The Heritage Foundation, one of the institutional pillars of the Reagan Revolution, pronounced President Bush a heretic from conservative doctrine yesterday and said that if things went wrong in the country, true conservatives would bear no responsibility for the failures.
"The political void is very real," said Edwin J. Feulner Jr., president of Heritage, the conservative think tank, in his annual "State of Conservatism" report. "We know Ronald Reagan, and George Bush has shown he is no Ronald Reagan."
Burton Yale Pines, vice president of Heritage, said that "the single greatest challenge" facing conservatives is "to rescue" the Bush presidency.
But Pines expressed dismay that Bush might not respond to efforts from would-be rescuers on the right to save him from the Washington Establishment. "Either George Bush wants to be rescued," Pines said, "or he's Patty Hearst and has learned to love his captors."
Heritage's blast is the latest attack on the Bush administration from conservatives, who have been mutinous ever since the president abandoned his no-new-taxes pledge and reached a budget agreement with congressional Democrats last year.
But yesterday's attack carried particular significance. Among Washington's conservative institutions, Heritage has been especially sympathetic to Bush and had actively sought influence within the Bush White House. When other movement conservatives such as Richard Viguerie, Howard Phillips and David Keene were assailing the president, Pines, Feulner and other Heritage voices often spoke up in his defense.
"We were accused rightly of going out of our way to say nice things about Bush, giving him the benefit of the doubt," Pines said in an interview. "We just saw the promise, and I guess we banked on the promise."
Indeed, Feulner's rather gloomy "State of Conservatism" this year contrasted sharply with the triumphal tone of last year's, issued as it was shortly after the collapse of the Berlin Wall and the end of Soviet hegemony in Eastern Europe.
"These are the realities," Feulner said in last year's report, "brought about by the conservative policies of the Reagan-Bush era. . . . "
This year, Heritage has decided that the Bush era has nothing to do with the Reagan era. "The bad news for America, and for American conservatism, is that Washington's power elite -- the Dukakis-style technocrats who believe it is their public duty to tell us how to spend whatever money they allow us to keep -- are clearly in charge," Feulner said.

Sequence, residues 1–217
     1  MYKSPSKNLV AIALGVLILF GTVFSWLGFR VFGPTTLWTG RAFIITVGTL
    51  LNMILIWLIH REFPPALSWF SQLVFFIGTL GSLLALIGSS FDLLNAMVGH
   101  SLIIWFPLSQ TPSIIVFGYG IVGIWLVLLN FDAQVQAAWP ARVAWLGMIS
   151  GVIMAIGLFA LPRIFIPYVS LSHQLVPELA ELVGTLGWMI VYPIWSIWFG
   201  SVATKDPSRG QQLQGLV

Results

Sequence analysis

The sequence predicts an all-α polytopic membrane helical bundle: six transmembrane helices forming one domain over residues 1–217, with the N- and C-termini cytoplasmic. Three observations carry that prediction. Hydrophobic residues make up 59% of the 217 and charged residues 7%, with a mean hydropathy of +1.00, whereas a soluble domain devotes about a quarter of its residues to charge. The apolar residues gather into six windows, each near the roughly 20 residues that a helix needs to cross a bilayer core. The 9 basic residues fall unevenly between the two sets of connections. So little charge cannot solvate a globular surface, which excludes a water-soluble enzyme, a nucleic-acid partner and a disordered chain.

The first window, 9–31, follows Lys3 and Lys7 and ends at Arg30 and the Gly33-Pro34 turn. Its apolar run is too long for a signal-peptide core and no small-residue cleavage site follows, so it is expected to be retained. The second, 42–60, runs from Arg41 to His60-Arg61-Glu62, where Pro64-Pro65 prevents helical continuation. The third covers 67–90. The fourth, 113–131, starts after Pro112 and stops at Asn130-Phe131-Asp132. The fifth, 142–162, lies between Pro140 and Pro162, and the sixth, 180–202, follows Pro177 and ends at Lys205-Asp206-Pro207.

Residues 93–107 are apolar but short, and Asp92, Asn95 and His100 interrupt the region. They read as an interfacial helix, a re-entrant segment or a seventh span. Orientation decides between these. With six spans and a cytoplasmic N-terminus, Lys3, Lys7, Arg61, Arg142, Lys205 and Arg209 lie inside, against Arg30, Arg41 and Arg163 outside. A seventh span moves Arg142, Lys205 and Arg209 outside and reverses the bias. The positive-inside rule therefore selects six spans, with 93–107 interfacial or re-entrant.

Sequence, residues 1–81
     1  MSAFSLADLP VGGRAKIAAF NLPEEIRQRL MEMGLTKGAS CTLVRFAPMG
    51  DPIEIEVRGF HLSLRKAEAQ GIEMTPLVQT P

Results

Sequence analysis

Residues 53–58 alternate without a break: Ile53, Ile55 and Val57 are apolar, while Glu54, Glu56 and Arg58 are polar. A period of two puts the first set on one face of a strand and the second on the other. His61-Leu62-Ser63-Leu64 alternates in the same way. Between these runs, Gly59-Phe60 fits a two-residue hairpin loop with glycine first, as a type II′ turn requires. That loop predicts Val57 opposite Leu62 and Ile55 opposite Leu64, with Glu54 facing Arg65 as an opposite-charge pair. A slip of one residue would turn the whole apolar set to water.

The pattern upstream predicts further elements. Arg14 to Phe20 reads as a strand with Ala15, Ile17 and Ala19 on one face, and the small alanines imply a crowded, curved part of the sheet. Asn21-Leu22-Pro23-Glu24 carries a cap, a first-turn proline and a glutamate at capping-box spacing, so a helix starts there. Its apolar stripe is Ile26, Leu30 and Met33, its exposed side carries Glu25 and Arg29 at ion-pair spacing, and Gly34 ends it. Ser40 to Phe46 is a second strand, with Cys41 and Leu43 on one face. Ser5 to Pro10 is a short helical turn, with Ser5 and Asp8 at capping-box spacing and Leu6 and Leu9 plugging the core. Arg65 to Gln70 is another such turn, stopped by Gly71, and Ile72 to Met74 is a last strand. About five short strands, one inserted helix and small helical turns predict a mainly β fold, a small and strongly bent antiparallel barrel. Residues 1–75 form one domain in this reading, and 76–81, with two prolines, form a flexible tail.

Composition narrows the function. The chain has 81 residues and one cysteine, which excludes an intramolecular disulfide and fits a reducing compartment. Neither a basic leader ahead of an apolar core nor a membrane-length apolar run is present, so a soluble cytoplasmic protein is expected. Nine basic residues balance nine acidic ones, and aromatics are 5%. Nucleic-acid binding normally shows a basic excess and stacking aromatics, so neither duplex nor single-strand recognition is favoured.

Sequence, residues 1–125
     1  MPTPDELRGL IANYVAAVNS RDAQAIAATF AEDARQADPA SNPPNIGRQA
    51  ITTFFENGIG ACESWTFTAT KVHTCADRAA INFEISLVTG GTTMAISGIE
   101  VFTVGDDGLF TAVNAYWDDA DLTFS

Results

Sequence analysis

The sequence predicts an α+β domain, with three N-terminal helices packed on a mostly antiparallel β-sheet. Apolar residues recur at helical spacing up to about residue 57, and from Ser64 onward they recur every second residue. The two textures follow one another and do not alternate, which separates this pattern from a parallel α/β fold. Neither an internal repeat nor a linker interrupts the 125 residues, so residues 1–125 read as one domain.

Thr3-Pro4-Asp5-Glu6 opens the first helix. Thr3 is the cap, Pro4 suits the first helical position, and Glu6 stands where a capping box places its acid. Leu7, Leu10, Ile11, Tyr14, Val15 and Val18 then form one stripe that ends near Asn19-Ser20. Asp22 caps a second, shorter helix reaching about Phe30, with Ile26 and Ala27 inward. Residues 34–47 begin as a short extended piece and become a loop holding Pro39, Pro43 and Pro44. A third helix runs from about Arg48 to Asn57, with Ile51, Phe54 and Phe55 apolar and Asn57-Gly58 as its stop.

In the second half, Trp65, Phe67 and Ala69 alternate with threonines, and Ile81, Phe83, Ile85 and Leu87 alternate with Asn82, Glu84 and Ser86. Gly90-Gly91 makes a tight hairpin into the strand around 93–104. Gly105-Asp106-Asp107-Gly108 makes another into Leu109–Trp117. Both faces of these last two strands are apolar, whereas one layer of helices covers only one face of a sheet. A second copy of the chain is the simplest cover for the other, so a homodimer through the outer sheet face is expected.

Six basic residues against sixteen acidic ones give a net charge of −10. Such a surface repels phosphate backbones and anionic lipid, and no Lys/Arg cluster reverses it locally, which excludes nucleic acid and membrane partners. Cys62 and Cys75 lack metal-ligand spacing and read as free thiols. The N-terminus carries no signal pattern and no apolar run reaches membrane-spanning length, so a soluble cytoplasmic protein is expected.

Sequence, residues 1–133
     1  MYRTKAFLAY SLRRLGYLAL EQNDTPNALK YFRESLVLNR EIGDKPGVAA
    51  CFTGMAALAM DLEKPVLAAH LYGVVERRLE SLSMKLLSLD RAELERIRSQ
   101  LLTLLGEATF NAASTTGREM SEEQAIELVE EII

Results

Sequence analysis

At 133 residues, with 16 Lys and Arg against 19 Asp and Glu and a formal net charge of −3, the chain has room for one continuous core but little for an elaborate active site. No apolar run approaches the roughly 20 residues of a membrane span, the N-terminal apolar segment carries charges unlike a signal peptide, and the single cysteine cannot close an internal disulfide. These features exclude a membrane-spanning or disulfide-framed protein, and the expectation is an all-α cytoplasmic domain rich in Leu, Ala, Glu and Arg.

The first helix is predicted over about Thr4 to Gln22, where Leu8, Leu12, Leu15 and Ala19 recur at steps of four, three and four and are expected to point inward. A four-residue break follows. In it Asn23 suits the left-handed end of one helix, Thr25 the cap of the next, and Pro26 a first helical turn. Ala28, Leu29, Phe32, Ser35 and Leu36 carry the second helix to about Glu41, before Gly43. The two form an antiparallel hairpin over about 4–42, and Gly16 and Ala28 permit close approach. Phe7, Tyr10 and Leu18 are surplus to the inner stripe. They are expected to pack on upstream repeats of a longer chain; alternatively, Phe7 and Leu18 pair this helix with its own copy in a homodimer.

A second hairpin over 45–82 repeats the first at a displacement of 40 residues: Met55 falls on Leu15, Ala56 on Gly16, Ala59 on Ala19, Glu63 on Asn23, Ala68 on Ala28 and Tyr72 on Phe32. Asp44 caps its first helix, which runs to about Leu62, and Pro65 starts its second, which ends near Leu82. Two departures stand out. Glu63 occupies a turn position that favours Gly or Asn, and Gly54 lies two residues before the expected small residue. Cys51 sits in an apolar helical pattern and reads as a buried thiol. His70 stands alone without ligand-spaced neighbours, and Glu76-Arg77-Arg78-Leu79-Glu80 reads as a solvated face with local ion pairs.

But Heritage sought to use what it saw as Bush's apostasy as a way of distancing conservatives from the bad news that 1991 is expected to bring. "The further Washington strays from the low-tax, anti-regulatory agenda of the Reagan era," Feulner said, "the worse the economy will get and the better conservatism will look."
In response to questions, Feulner denied that conservatives were trying to separate themselves from Bush at a moment when his administration seemed headed for trouble. He said the current economic slowdown could not be blamed on Reagan's policies, but was instead a response to changes in tax and regulatory policy under Bush.
Charles R. Black, chief spokesman for the Republican National Committee, argued that conservative unhappiness with Bush stemmed almost entirely from the budget deal. "If they look at his performance on other domestic matters, and on defense and foreign policy, they should be happy."
Black added that "rank-and-file conservatives outside the Beltway are happy with George Bush" and predicted that conservatives in and out of Washington would respond positively to Bush's domestic agenda when he outlines it in his State of the Union message next month.
Bush drew a stout defense from the other end of the Republican Party. "On the tax-and-spend issue, Bush was staring down at a deficit that wasn't going away," said William McKenzie, executive director of the Ripon Society, an organization of moderate and liberal Republicans. "No one at our end of the party is wild about tax increases, but at some point, common sense has to come in."